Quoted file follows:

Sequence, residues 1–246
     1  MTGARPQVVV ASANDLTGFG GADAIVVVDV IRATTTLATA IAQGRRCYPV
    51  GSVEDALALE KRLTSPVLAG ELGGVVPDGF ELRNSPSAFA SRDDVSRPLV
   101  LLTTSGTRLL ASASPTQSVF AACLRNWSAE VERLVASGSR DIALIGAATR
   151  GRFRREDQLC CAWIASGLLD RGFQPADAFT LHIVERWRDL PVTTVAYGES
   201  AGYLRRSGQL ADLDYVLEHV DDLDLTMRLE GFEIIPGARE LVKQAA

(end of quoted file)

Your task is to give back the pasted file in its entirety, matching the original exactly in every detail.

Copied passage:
Sequence, residues 1–246
     1  MTGARPQVVV ASANDLTGFG GADAIVVVDV IRATTTLATA IAQGRRCYPV
    51  GSVEDALALE KRLTSPVLAG ELGGVVPDGF ELRNSPSAFA SRDDVSRPLV
   101  LLTTSGTRLL ASASPTQSVF AACLRNWSAE VERLVASGSR DIALIGAATR
   151  GRFRREDQLC CAWIASGLLD RGFQPADAFT LHIVERWRDL PVTTVAYGES
   201  AGYLRRSGQL ADLDYVLEHV DDLDLTMRLE GFEIIPGARE LVKQAA